julia> acbinomci(2, 10)           #when number of success and number of total trials are provided. By default alpha=.05
phat:                0.2000
confidence interval: 0.0459   0.5206
Sample size          10

21. stein1_tr()

Extension of Stein's method based on the trimmed mean.

julia> stein1_tr(x, 0.2)
89

22. stein2_tr()

Extension of the 2nd stage of Stein's method based on the trimmed mean.

julia> stein2_tr(x, x2)
Extension of the 2nd stage of Stein's method based on the trimmed mean

Statistic:            3.154993
Critical value:       2.200985

This function is able to handle multiple dependent groups. Suppose that the original dataset contained 4 dependent groups and the sample size is 5 (xold), and we collected more data (xnew).

julia> srand(2)
julia> xnew = rand(6, 4)
julia> xold = reshape(x, 5, 4)
julia> stein2_tr(xold, xnew)

Extension of the 2nd stage of Stein's method based on the trimmed mean

 Statistic             Group 1  Group 2  Statistic
                             1        2  -0.933245
                             1        3   0.291014
                             1        4  -0.949618
                             2        3   1.212577
                             2        4  -0.608510
                             3        4  -0.649426
 Critical value:       10.885867

23. sintv2()

Confidence interval for the median using the Hettmansperger-Sheather interpolation method.

julia> sintv2(x)
Confidence interval for the median
using the Hettmansperger-Sheather interpolation method

 Confidence interval:  0.547483       2.375232
 p value:              0.000100

24. onestep()

Compute one-step M-estimator of location using Huber's Psi. The default bending constant is 1.28.

julia> onestep(x)
1.384070801414857

25. onesampb()

Compute a bootstrap, .95 confidence interval for the measure of location corresponding to the argument est. By default, a one-step M-estimator of location based on Huber's Psi is used. The default number of bootstrap samples is nboot=2000. nv=0 when computing a p-value.

julia> onesampb(x)
Estimate:             1.384071
Confidence interval:  0.760978       2.378872
p value:             < 10e-16

26. mom()

Compute MOM-estimator of location. The default bending constant is 2.24

julia> mom(x)
1.2596462322222222

27. momci()

Compute the bootstrap .95 confidence interval for the MOM-estimator of location based on Huber's Psi.

julia> momci(x, nboot=2)
Bootstrap .95 confidence interval for the MOM-
estimator of location based on Huber's Psi

 Confidence interval:  0.652212       1.684510

28. cnorm()

Create contaminated normal distributions.

julia> srand(1)
julia> c = cnorm(2000)
julia> akerd(c)

plot

29. trimpb()

Compute a 1-alpha confidence interval for a trimmed mean. The default number of bootstrap samples is nboot=2000. win is the amount of Winsorizing before bootstrapping when WIN=true.

plotit=true gives a plot of the bootstrap values

  • pop=1 results in the expected frequency curve.
  • pop=2 kernel density estimate NOT IMPLEMENTED
  • pop=3 boxplot NOT IMPLEMENTED
  • pop=4 stem-and-leaf NOT IMPLEMENTED
  • pop=5 histogram
  • pop=6 adaptive kernel density estimate.

fr controls the amount of smoothing when plotting the bootstrap values via the function rdplot. fr=NaN means the function will use fr=.8 (When plotting bivariate data, rdplot uses fr=.6 by default.)

julia> trimpb(x, plotit=true, pop=6)
Compute a 1-alpha confidence interval for a trimmed mean using the bootstrap percentile method.

 Confidence interval:  0.708236       2.253489
 p value:             < 10e-16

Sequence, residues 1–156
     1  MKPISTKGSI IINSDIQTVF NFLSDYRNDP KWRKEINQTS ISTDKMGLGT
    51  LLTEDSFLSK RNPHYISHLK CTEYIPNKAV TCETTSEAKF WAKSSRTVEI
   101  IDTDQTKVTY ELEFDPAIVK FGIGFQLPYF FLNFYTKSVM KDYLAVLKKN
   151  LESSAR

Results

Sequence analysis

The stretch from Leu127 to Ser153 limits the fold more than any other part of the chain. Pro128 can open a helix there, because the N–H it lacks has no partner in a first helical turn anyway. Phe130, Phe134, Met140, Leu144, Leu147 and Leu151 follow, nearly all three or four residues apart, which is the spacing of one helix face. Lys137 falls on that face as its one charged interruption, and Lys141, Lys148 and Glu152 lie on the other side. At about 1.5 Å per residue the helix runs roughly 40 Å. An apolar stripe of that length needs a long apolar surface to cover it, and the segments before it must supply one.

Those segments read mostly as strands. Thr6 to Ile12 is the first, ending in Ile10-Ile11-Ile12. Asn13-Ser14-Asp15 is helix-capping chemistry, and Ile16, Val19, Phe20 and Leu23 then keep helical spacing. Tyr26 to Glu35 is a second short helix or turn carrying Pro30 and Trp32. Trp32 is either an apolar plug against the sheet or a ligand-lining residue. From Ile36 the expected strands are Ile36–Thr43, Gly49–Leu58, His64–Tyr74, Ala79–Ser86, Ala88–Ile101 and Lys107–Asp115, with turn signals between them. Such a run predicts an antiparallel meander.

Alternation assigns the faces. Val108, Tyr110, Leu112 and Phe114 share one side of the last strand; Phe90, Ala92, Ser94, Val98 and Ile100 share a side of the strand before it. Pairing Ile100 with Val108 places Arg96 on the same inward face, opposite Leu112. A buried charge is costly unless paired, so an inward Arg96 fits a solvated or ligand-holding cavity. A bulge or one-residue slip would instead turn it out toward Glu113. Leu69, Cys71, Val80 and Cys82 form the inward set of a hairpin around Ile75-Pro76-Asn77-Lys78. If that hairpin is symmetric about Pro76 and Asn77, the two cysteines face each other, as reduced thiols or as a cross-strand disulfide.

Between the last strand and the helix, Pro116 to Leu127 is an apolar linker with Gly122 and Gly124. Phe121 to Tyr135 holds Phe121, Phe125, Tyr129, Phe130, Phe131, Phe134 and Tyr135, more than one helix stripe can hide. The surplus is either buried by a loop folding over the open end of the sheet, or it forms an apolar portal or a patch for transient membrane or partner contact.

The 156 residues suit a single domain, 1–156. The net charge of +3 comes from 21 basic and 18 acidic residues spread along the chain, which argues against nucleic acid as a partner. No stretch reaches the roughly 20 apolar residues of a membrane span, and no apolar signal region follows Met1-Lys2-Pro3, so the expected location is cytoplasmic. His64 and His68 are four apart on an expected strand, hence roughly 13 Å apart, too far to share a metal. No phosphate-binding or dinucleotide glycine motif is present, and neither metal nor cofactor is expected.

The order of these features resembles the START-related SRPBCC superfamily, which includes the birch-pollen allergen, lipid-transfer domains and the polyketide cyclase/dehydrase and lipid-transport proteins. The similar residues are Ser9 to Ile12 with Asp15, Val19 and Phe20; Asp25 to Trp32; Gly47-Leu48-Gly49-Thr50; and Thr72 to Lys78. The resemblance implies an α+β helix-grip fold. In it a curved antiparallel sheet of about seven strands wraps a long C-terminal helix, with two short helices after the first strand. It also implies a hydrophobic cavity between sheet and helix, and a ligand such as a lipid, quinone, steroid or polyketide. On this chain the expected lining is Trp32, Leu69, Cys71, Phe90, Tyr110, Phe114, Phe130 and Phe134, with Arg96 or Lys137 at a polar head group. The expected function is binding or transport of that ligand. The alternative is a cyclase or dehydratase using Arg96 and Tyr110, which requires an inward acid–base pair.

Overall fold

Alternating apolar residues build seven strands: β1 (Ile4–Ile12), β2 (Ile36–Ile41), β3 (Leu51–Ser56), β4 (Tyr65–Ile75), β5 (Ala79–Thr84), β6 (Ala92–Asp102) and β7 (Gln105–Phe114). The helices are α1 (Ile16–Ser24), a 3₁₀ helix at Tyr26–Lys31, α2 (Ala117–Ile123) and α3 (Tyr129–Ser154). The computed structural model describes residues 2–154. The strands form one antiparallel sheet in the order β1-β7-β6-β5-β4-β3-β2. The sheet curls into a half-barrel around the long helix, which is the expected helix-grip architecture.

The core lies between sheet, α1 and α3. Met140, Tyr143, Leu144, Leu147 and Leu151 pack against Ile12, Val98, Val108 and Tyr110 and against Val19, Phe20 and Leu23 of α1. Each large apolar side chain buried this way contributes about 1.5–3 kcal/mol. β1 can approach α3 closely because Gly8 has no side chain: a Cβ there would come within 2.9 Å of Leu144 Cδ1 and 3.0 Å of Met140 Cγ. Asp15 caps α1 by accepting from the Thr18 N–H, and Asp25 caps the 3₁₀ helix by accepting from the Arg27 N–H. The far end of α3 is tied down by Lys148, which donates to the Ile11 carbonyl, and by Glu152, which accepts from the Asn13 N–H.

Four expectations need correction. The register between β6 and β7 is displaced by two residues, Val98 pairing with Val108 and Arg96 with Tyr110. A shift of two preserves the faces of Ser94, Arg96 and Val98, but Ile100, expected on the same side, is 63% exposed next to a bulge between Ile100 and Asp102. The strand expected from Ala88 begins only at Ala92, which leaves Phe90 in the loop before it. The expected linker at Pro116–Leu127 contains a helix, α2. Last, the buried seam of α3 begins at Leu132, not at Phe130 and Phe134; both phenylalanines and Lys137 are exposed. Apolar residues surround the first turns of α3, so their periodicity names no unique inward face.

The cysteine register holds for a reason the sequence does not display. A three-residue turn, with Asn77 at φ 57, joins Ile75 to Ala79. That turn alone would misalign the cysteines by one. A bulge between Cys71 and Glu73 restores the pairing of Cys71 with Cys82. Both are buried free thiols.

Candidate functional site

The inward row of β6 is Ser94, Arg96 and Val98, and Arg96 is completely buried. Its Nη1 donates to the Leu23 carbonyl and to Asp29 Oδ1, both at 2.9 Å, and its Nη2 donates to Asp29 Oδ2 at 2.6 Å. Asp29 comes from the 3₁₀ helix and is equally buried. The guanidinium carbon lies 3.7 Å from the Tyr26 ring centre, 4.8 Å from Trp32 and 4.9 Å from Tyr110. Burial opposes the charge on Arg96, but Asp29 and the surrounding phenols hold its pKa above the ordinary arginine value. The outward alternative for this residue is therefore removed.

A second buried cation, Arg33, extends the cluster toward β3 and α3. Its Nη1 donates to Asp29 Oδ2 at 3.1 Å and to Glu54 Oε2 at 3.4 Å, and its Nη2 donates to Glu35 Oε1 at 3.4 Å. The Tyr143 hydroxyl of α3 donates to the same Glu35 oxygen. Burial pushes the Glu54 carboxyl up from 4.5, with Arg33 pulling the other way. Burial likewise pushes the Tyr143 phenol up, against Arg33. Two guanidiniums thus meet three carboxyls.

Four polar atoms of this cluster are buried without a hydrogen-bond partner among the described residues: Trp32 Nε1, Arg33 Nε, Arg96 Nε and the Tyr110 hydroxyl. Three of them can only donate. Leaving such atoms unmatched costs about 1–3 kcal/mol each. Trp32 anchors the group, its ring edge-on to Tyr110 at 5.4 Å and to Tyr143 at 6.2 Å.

plot

30. trimcibt()

Compute a 1-alpha confidence interval for the trimmed mean using a bootstrap percentile t method. The default amount of trimming is tr=.2. side=true, indicates the symmetric two-sided method. side=false yields an equal-tailed confidence interval. NOTE: p.value is reported when side=true only.

julia> trimcibt(x, nboot=5000, plotit=true)
Bootstrap .95 confidence interval for the trimmed mean
using a bootstrap percentile t method

 Estimate:             1.292180
 Statistic:            3.469611
 Confidence interval:  0.292162       2.292199
 p value:              0.022600

plot

31. pcorb()

Compute a .95 confidence interval for Pearson's correlation coefficient. This function uses an adjusted percentile bootstrap method that gives good results when the error term is heteroscedastic.

julia> pcorb(x, y)
Estimate:             0.318931
Confidence interval: -0.106467       0.663678

32. yuend()

Compare the trimmed means of two dependent random variables using the data in x and y. The default amount of trimming is 20%.

julia> srand(3)
julia> y2 = randn(20)+3; 
julia> yuend(x, y2)

Comparing the trimmed means of two dependent variables.

Sample size:          20
Degrees of freedom:   11
Estimate:            -1.547776
Standard error:       0.460304
Statistic:           -3.362507
Confidence interval: -2.560898      -0.534653
p value:              0.006336

32. t1way()

A heteroscedastic one-way ANOVA for trimmed means using a generalization of Welch's method. When tr=0, the function conducts a heteroscedastic 1-way ANOVA without trimming.

There are two ways to specify data for the function:

  • A two dimensional array where each column represents a group. Hence, a 10 X 3 array means that a one way ANOVA will be performed on 3 groups. This also means equal sample sizes amongst the groups.
  • A vector containing the outcome variable and another vector containing group information.

Two examples are shown below to demonstrate the two ways of specifying data:

#Data in two dimensional array form
#Prepare data
julia> srand(12)
julia> m2 = reshape(sort(randn(30)), 10, 3); 

julia> t1way(m2)
Heteroscedastic one-way ANOVA for trimmed means
using a generalization of Welch's method.

Sample size:          10   10   10  
Degrees of freedom:   2.00   8.25  
Statistic:            20.955146
p value:              0.000583


#Data in vector form
julia> srand(12)
julia> m3 = sort(randn(30));
julia> group = rep(1:3, [8,12,10]);   #Unequal sample sizes: n1 = 8, n2 = 12, n3 = 10

julia> t1way(m3, group)
Heteroscedastic one-way ANOVA for trimmed means
using a generalization of Welch's method.

Sample size:          8   12   10  
Degrees of freedom:   2.00   8.11  
Statistic:            28.990510
p value:              0.000202